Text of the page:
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Is the G7 the Right Investment Partner for Africa?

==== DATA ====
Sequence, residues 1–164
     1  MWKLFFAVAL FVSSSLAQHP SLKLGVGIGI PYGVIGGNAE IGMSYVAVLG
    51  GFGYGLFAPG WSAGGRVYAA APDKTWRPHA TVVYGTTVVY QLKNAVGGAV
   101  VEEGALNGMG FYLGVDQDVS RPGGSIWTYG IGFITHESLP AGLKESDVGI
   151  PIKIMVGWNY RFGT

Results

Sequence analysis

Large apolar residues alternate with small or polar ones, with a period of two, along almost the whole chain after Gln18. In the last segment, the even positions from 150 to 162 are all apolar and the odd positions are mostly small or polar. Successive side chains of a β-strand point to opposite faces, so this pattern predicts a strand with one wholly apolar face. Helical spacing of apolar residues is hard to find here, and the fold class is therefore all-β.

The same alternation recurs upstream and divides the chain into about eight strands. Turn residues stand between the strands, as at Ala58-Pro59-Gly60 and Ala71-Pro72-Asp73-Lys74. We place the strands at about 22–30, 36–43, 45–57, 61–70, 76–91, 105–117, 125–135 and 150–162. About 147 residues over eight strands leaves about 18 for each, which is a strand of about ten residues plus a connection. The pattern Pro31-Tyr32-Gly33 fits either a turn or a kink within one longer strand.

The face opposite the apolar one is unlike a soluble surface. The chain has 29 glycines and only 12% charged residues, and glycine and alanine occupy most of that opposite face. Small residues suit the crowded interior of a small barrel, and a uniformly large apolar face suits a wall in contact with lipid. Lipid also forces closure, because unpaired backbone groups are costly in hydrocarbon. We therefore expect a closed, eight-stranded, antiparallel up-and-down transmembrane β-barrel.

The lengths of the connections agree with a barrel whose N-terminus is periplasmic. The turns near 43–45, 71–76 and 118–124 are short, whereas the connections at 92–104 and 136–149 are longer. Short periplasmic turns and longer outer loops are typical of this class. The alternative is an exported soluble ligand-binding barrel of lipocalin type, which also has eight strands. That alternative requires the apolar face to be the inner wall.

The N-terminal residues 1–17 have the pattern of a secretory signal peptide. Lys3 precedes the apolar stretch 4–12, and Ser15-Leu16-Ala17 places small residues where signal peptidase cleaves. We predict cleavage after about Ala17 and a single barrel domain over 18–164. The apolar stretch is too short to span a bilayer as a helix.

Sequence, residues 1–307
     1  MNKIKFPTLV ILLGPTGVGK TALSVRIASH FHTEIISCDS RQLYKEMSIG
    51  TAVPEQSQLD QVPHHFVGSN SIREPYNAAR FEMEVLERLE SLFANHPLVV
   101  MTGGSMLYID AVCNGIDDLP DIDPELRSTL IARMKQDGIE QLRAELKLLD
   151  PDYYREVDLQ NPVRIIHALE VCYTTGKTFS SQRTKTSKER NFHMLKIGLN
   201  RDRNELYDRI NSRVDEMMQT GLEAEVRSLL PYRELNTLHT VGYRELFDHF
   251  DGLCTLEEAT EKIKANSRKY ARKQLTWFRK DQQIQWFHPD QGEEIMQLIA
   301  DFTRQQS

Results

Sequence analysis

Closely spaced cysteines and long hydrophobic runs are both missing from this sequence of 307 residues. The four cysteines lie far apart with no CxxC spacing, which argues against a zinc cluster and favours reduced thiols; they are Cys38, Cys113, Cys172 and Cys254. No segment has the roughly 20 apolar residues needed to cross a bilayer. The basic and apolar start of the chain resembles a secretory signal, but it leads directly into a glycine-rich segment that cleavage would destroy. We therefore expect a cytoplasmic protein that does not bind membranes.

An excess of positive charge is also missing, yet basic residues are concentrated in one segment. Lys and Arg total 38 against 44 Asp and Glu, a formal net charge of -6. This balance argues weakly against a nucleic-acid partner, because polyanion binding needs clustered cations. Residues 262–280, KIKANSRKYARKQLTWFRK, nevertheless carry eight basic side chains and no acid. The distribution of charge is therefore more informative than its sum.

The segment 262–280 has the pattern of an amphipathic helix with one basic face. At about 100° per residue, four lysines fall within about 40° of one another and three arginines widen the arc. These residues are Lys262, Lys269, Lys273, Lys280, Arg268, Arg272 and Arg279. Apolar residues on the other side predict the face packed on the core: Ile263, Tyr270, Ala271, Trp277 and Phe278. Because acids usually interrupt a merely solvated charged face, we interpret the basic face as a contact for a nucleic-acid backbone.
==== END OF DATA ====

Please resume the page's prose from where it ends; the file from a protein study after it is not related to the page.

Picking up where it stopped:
The G7 summit offered the most recent insights for Africa into how the western advanced nations are considering their stakes in Russia’s invasion of Ukraine, and the impact that could have on developing nations. As African governments assess the significance of the G7’s promises of support in areas of vital concern to Africans, some key political possibilities could advance or derail them. African governments especially face many challenges, amid escalating tensions between western democracies, Russia and China. Africa’s interests would be best served if its leaders were to avoid being drawn into the hostile divide between Russia and China and the west. But it may not be possible to avoid taking sides while trying to maximise advantageous partnerships. If Putin remains in power and Biden wins a second four-year term, then the prospects for a second Cold War in Africa will escalate. If Putin remains but Biden loses to the still dominant Trump faction Republicans in the 2022 congressional and 2024 presidential elections, then America’s pledge to the G7 package could be abandoned in 2025. rump cancelled the US pledge to support the special fund to mitigate the effects of climate change in 2017. Other cuts in multilateral programmes, including to the World Health Organisation and African peacekeeping, that Biden restored, would likely be reinstated.